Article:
Super Safi’s Monday Morning Math Mayhem 23 – Smith Numbers

Morning Mathematical Monsters & Maniacs!

(Today’s post is sponsored by the letter “M”)

 

Hi, I’m Super Safi and you may remember me from such stats and strategy posts as Kwik-E-Mart Farming and the advanced losing-to-win Superheroes battle strategy.

Over the past 600+ episodes, The Simpsons has taken us on an amazing mathematical journey involving fractions, probability, Fermat’s last theorem, and hundreds of other aspects from the wonderful world off mathematics.

And what better way to start your week, then by discussing math Monday morning?

In honour of Canadian Thanksgiving on Monday October 14th, we go back to the first Thanksgiving episode of The Simpsons and look at Smith numbers.

 

In Bart vs. Thanksgiving (Season 02, Episode 07), Homer goes to pick up Abe from the Retirement Castle to bring him back for Thanksgiving dinner. We get a glimpse of Homer’s license plate.

While since The Simpsons Movie first originated it’s use, Homer’s car license plate has typically been seen as 1PHL07, on more than a dozen occasions. However, prior to the movie, his license plate varied, and included such plates as 3FJP24, KL5311, R8DMT, and 795DVI to name a few.

However, in Bart vs. Thanksgiving (Season 02, Episode 07), Homer’s plate is seen as 202VXX. Today, for Thanksgiving, we give thanks for Smith numbers, including 202.

 

Smith Numbers

A Smith number is a number for which the sum of its digits is equal to the sum of the digits in its prime factorization.

The sum of the digits of 202 are 4 (2 + 0 + 2). As the prime factorization of 202 is 2 x 101, the sum of the digits in the prime factorization of 202 are 4 (2 + 1 + 0 +1). Therefore 202 is considered a Smith number, as both the sum of its digits is equal to the sum of the digits in its prime factorization.

 

In the same Thanksgiving episode, Bart goes to donate blood to earn $12. The address for the Springfield Plasma Center is 2,416.

We can check and see if 2,416 is a Smith number.

The sum of the digits are 2 + 4 + 1 + 6 = 13.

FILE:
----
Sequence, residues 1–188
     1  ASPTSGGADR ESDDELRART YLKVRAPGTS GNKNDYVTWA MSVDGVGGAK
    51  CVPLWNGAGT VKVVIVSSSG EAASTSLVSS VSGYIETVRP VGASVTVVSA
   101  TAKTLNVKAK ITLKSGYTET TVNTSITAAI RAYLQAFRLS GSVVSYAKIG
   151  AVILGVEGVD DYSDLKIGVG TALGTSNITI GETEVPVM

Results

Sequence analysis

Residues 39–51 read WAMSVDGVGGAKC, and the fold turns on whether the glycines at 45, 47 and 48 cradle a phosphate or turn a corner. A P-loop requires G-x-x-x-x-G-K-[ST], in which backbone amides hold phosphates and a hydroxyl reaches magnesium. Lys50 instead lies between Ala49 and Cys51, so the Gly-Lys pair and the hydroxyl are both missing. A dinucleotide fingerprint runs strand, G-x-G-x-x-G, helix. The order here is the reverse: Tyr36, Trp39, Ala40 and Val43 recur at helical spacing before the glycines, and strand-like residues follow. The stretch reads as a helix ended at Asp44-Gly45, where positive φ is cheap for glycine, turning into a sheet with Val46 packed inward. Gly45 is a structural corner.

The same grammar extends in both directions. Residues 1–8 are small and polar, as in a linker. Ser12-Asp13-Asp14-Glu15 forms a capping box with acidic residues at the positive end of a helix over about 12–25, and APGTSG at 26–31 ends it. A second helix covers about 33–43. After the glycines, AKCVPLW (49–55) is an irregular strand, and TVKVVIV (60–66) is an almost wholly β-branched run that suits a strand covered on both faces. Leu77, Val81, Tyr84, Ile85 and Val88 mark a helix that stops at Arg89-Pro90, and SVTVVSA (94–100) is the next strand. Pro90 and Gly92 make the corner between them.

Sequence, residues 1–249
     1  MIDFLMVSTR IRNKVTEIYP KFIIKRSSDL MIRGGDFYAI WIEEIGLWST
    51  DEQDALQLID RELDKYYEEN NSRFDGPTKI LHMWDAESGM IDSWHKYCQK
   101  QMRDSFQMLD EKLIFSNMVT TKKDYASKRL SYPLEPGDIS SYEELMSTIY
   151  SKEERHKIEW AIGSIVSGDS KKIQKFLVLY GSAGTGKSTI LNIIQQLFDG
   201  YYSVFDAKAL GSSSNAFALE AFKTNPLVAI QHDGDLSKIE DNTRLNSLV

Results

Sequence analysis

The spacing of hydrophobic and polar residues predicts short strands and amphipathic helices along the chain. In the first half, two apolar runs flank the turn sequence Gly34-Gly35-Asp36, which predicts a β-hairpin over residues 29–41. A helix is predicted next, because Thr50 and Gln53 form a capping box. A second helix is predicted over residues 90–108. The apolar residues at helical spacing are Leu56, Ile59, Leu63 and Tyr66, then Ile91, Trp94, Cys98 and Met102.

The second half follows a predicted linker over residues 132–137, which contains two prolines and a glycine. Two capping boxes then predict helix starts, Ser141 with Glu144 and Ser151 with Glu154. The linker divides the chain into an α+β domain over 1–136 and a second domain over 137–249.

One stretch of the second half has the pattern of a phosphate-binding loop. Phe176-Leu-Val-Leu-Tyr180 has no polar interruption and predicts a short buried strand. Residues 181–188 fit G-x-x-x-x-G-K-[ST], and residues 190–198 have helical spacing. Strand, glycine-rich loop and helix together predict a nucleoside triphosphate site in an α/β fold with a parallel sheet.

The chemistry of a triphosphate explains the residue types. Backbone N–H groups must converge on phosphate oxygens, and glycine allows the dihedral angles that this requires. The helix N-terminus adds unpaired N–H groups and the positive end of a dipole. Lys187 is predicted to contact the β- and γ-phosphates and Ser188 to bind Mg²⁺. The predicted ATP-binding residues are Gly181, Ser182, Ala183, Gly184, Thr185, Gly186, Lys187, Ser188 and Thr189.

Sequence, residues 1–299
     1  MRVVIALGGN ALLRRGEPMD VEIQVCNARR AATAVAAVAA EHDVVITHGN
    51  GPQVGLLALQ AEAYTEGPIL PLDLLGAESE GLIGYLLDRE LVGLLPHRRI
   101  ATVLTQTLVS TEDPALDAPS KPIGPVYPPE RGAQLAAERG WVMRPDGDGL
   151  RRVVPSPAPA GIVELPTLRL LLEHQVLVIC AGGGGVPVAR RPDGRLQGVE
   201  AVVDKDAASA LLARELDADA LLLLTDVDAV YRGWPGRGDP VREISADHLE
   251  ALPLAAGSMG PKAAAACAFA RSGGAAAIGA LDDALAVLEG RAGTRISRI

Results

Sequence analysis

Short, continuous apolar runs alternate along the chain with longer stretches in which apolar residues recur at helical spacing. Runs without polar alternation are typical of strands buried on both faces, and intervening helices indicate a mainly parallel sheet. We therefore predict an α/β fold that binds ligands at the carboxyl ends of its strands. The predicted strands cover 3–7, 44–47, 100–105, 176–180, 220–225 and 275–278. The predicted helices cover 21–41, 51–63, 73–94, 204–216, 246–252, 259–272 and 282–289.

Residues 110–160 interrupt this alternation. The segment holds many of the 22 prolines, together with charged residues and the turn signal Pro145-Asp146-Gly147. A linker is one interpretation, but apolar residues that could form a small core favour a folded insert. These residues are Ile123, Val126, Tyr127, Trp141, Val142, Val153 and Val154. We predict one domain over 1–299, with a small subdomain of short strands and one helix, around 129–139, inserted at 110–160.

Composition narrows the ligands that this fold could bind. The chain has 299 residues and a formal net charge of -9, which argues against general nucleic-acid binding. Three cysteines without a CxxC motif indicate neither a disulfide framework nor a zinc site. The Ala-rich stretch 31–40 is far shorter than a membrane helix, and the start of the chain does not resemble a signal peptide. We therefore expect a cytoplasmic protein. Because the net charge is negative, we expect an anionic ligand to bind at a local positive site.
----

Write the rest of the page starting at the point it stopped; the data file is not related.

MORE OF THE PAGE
The prime factorization of 2,416 is 2 x 2 x 2 x 2 x 151. The sum of the digits of the prime factorization are 2 + 2 + 2 + 2 + 1 + 5 + 1 = 15.

As the two values are not equal, 2,416 is not a Smith number.

 

The Smith numbers less than 1,000 are 4, 22, 27, 58, 85, 94, 121, 166, 202, 265, 274, 319, 346, 355, 378, 382, 391, 438, 454, 483, 517, 526, 535, 562, 576, 588, 627, 634, 636, 645, 648, 654, 663, 666, 690, 706, 728, 729, 762, 778, 825, 852, 861, 895, 913, 915, 922, 958, and 985.

Yes, next weeks 666th episode, THOH XXX, will mark another Smith number this season; following the season premiere, which was episode 663.

 

Smith numbers were named by American mathematician Albert Wilansky of Lehigh University. He noticed the property in the phone number (493-7775) of his brother-in-law Harold Smith.

The sum of the digits are 4 + 9 + 3 + 7 + 7 + 7 + 5 = 42.

The prime factorization of 4,937,775 is 3 × 5 × 5 × 65837. The sum of the digits of the prime factorization are 3 + 5 + 5 + 6 + 5 + 8 + 3 + 7 = 42.

Albert Wilansky

 

Now that we’ve completed a look at Smith numbers, let’s give thanks for another mathematical wonder .

If you love math or enjoy reading these posts, don’t forget to stop by the Addicts Shop and check out all the paraphernalia, including the Math Mayhem shirts and hoodies.

Were you familiar with Smith numbers? Do you remember this Thanksgiving episode? Did you notice the license plate in this episode? Do you celebrate Thanksgiving? To all my fellow Canucks, happy Thanksgiving. Sound off in the comments below. You know we love hearing from you.

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40 responses to “Super Safi’s Monday Morning Math Mayhem 23 – Smith Numbers

  1. Interesting. It says a lot about the mind of a mathematician that this notion was even realized/discovered AT ALL. And tells even more that the FIRST example ever realized was 4,937,775 instead of 4…or 22. Dang.

    Liked by 1 person

  2. Is there an equation for Bart’s Law, showing that whether by investing in expansion or bonus, the greater the earning power of your Springfield then the higher the risk of the servers going into meltdown ?!! 😜

    Liked by 1 person

  3. Amazing

    Liked by 1 person

  4. Two reasons this post is awesome:
    A) I’d never heard of Smith numbers until just now
    2)That Mr. Wilanski named it after someone other than himself

    Also, for the record, the flavoring everything pumpkin every Fall is out of control! Pumpkin Coffee & Donuts at Dunkin’? Sacreligious!
    Twinkies? Nasty! Next they’ll be making pumpkin flavor Oreo’s … Thou shalt not mess with my Oreo flavors!!!
    ~MIB👤

    Liked by 2 people

  5. How come no update?

    Like

  6. Interesting, hadn’t heard of this before.

    Liked by 1 person

  7. Whoa, cool! Never heard of Smith numbers.
    Thanks a lot Safi! 👏

    Liked by 1 person

  8. This one here breaks my noodle… so am off to drawing.. Inktober anyone? if so, I have been posting my “art” in tweeter: k00lviruz 🙂

    Liked by 1 person

  9. Happy Thanksgiving! More turkey…less math.

    Liked by 1 person

  10. Similar to Homer’s “everything is ok alarm”, can we get a “there is still no THOH update” post every 5 to 10 minutes.

    As an aside, I think it would be ok if you set the frequency to be a Smith number.

    Liked by 2 people

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